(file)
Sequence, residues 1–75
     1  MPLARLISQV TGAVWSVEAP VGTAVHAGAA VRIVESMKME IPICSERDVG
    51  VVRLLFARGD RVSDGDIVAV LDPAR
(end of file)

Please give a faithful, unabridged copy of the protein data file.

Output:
Sequence, residues 1–75
     1  MPLARLISQV TGAVWSVEAP VGTAVHAGAA VRIVESMKME IPICSERDVG
    51  VVRLLFARGD RVSDGDIVAV LDPAR